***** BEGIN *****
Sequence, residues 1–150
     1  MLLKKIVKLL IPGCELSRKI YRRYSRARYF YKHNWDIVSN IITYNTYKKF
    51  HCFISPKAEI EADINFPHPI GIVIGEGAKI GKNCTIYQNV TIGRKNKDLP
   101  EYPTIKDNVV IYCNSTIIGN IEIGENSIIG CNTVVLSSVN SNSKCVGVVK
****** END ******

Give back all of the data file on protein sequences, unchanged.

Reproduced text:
Sequence, residues 1–150
     1  MLLKKIVKLL IPGCELSRKI YRRYSRARYF YKHNWDIVSN IITYNTYKKF
    51  HCFISPKAEI EADINFPHPI GIVIGEGAKI GKNCTIYQNV TIGRKNKDLP
   101  EYPTIKDNVV IYCNSTIIGN IEIGENSIIG CNTVVLSSVN SNSKCVGVVK